Using Dropbox as a personal Git and Mercurial Storage area

Tue, 01 Nov 2011 00:00:00 +0000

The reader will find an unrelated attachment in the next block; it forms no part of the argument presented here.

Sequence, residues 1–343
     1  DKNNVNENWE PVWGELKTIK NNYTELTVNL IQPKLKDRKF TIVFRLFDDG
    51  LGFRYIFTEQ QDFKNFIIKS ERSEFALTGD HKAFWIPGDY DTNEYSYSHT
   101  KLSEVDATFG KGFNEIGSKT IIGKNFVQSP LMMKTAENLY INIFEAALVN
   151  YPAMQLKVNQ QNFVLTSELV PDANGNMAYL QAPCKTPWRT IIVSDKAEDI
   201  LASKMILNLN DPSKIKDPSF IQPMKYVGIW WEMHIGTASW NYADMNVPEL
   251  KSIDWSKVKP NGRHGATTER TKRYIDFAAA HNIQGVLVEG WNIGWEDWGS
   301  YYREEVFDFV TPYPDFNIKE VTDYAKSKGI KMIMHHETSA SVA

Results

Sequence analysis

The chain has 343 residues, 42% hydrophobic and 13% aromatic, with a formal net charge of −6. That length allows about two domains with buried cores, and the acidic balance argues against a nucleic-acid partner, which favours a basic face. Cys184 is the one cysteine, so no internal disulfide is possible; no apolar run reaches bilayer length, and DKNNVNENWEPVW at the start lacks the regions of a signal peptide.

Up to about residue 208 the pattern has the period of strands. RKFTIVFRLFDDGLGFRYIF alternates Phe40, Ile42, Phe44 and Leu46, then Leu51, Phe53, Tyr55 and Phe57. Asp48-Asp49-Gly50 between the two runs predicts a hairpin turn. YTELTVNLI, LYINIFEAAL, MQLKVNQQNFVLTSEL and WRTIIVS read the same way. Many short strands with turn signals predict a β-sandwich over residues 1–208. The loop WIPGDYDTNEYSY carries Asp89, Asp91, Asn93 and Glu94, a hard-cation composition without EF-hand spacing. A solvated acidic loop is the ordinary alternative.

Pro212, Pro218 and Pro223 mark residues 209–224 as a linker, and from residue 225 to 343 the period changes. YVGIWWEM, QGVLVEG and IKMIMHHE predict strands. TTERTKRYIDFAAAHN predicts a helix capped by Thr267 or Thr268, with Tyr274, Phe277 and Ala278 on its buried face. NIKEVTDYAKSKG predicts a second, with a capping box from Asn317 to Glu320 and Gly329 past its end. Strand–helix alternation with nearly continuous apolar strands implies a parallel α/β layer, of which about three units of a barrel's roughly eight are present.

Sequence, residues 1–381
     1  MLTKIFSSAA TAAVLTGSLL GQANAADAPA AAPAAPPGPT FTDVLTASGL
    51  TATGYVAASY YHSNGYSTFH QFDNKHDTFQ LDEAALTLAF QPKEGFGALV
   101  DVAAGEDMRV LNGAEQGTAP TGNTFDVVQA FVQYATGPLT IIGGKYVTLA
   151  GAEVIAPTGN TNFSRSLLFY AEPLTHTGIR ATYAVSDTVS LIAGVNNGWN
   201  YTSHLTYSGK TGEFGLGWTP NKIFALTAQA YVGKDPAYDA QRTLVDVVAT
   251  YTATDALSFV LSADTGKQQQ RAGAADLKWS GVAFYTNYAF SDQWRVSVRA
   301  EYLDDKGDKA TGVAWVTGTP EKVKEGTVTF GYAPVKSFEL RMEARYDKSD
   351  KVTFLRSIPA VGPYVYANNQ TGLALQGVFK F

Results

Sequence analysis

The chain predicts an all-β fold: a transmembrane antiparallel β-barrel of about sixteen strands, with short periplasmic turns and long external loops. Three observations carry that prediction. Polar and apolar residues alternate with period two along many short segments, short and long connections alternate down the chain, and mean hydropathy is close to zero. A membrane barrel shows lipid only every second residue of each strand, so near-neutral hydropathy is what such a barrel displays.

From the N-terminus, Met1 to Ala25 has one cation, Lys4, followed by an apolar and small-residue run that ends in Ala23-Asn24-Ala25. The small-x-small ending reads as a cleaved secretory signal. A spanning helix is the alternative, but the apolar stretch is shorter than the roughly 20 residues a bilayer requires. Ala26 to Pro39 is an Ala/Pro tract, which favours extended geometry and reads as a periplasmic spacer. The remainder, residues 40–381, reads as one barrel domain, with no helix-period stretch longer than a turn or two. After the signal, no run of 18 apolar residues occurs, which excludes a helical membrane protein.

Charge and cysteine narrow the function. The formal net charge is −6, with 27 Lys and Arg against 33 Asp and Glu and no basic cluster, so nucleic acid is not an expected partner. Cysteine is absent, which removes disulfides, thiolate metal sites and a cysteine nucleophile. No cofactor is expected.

This is something i have been using for a while now, and though it might be an idea to write a quick post explaining how to set Dropbox up as a folder to push your Git and Mercurial files to… But first, why would you want to? So, you have a project you want to work on with multiple machines, and you want a source control system to easily manage files and state. You decided to use Git or Mercurial. I am not going to tell you which one to use… I use both for different projects. Anyway, you have decided to use Git or Mercurial, and you now want to be able to access the files from multiple locations. Since these locations are all your machines  (hopefully), you need to have a location that all machines can access. so, with the help of this tutorial, you can use Dropbox as your shared location. the following steps will need to be setup only once. When adding extra machines, follow the steps further on down. First, you will need a Dropbox Account. If you don’t have one, click here and sign up. download the Dropbox installer, and link your machine. when installing, you will be asked to set the default location of your Dropbox folder, or a custom location. I picked the default location, and as i am running Windows 7, my Dropbox location will be at c:\users\tiernano\dropbox. yours will be different… next, you will need either Git or Mercurial for Windows. msysgit is what i use for git on Windows. Mercurial have a Windows installer also. so now, we will branch out into either Git or Mercurial tasks: for GIT: Open Git Bash from the Start menu you are now in a Unix-ish style command prompt… if you are not familiar with Unix… this might be interesting… first, your Dropbox location will be at ~/Dropbox (~/ being your home directory) cd into your ~/Dropbox folder, and create a folder called git (this is what i did, you may want to be different) cd into your git folder, and create a new directory called yourproject.git (again, change it to your liking…) cd into the yourproject.git folder and type git init –bare. this creates a bare repo for you to use. since this is in your Dropbox folder, all your machines synced with Dropbox will get this folder soon… next, create a working folder. decided where you want to put this (ideally, not on your Dropbox folder) so, in my case i have a folder in my Documents folder in my home directory called project. I type cd ~/Documents/project to get to this folder. when in this folder, type git init. this folder is now a git working folder. add your files as needed. **git add ** will add a file to git. **git commit –m “your message” –a** will commit all modified files on your repo with the message “Your Message” to the repo… Have a look for a [git Tutorial][4] to find more. next, add a remote to your current repo. git remote add dropbox ~/Dropbox/git/yourproject.git will add your dropbox as a remote repo.  typing git push dropbox master will push your master branch to Dropbox . that’s most of what you need to know. For Mercurial, the following needs to be done open a command prompt, and cd into your Dropbox folder. create a folder, i called mine hg (the mercurial command is HG…) in your hg folder, create a folder called myproject.hg. cd into the folder and type hg init. this creates a Mercurial directory. next, go to the directory you want to use for your project. type **hg clone **. if hg is setup correctly, all should be grand. hg add and hg commit files, and then hg push to the Dropbox location. if you want to add a new machine to your git repo, find your directory you want to clone to and type git clone ~/Dropbox/git/yourproject.git yourproject. your working directory is now in the yourproject folder. git push will push back to Dropbox . git pull will[...]